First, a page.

HIIT: High Intensity Interval Training
HIIT is something that I came across a few years ago and it has been worked into my routine in some form or fashion ever since. HIIT, in a nutshell, is intervals of high volume work alternated with short breaks or rest. This is a great form of exercise that burns fat by using very short but intense workouts. The sessions usually range from 4 to 20+ minutes and the protocol calls for a 2:1 ratio of rest to work periods. Example: 15 seconds sprint followed by 30 seconds rest (walk or jog), then repeat.
I don’t stick strictly to the 30sec/15sec. I mix it up a bit depending on what I am doing. I have used this workout for resistance training, running, stationary bike, elliptical, punching bag, etc.
This type of training is very popular right now and for good reason…..because it works! Circuit training, Tabata (I will do a follow-up on Tabata itself), Crossfit, and P90X are just a few examples of HIIT that is commonly seen right now.
I HIGHLY recommend reading this article. This is the one that kind of got me kick started on the whole HIIT principle. It has been widely proven that HIIT burns more calories and produces more fat loss in individuals compared to steady-state cardio but the mechanism behind this is not very well understood. Long aerobic workouts have been promoted as the best method to reduce fat, as it is popularly believed that fatty acid utilization usually occurs after at least 30 minutes of training. HIIT is somewhat counterintuitive in this regard, but has nonetheless been shown to burn fat more effectively. There may be a number of factors that contribute to this, including an increase in resting metabolic rate. HIIT also significantly lowers insulin resistance and causes skeletal muscle adaptations that result in enhanced skeletal muscle fat oxidation and improved glucose tolerance. The most novel mechanism is based around re-training your body how to process and store consumed calories. Basically it suggests that doing long, slow cardio workouts trains your body to store more fat, b/c thats what it uses to fuel those long grueling workouts. Compared to HIIT, which depletes intra-muscular glycogen stores for its energy supply. That trains your body to slowly make more room in your muscles for glycogen storage, which means than when your body is processing and filing away various calories it will now begin to store less as fat and more as glycogen!! Pretty cool stuff.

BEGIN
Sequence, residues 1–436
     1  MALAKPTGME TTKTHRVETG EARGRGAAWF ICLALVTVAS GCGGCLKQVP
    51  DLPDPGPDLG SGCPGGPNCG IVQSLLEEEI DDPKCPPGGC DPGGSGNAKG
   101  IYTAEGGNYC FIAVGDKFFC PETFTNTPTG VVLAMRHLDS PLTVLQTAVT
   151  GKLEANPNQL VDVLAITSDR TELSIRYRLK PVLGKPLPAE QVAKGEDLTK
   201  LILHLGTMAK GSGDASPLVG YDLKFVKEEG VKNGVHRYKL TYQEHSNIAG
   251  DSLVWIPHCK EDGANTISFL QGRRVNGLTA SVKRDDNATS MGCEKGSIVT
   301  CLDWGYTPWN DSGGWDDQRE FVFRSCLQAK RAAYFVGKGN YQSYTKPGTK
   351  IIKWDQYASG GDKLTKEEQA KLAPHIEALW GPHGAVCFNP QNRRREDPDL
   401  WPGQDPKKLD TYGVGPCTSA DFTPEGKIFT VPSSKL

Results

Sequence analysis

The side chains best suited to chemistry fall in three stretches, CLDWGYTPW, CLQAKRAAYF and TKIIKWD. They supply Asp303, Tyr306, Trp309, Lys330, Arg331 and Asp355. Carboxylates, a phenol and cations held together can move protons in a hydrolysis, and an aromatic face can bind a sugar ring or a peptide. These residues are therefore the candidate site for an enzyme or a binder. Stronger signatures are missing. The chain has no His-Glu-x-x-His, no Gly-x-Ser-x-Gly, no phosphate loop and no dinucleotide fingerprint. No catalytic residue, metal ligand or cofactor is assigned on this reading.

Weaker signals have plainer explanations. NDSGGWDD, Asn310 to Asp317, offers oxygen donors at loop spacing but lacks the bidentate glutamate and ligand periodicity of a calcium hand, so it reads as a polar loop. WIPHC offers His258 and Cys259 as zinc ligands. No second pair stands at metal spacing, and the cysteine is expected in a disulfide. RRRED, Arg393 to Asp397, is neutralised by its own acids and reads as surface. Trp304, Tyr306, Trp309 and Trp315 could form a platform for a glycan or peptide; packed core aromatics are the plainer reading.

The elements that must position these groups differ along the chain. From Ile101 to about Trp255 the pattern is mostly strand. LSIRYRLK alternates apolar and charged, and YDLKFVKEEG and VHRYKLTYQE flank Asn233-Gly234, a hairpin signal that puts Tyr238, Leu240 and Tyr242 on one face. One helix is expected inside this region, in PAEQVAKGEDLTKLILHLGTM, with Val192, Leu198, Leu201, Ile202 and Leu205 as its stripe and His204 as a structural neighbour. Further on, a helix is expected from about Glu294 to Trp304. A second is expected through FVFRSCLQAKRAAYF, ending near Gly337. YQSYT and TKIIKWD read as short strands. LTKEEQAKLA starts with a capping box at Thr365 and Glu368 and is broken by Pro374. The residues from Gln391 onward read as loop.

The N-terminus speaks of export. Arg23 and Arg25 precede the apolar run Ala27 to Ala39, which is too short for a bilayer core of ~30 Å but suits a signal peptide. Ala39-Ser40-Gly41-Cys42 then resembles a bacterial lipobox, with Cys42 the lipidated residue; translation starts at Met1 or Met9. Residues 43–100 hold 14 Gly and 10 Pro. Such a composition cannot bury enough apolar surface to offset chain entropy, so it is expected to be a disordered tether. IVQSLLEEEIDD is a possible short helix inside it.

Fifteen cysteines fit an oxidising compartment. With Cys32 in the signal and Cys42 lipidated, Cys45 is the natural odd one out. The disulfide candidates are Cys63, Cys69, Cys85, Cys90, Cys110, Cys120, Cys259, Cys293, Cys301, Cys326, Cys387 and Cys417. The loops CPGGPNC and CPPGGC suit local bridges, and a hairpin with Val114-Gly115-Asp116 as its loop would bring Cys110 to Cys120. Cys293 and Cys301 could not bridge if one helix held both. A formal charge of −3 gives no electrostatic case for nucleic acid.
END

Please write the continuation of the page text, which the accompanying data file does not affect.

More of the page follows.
This one has some good, quick, basic interval training.
Studies have suggested that 2.5 hours of HIIT produced similar biochemical muscle changes as 10.5 hours of endurance training.
There has also been some research that indicates HIIT may increase resting metabolic rate (RMR) for as long as 24 hours following a workout due to excess post-exercise oxygen consumption (EPOC) as well as improve maximal VO2 max compared to traditional steady-state cardio.
Journal of Applied Physiology
In summary, seven sessions of HIIT over 2 wk induced marked increases in whole body and skeletal muscle capacity for fatty acid oxidation during exercise in moderately active women.
The usual excuse of “lack of time” for not doing enough exercise is blown away by new research published in The Journal of Physiology.
Recently it has been shown that two weeks of HIIT can substantially improve insulin action in young healthy men. Similarly, in young women, HIIT three times per week for 15 weeks compared to the same frequency of steady state exercise(SSE) was associated with significant reductions in total body fat, subcutaneous leg and trunk fat, and insulin resistance. HIIT may therefore represent a viable method for prevention of type-2 diabetes.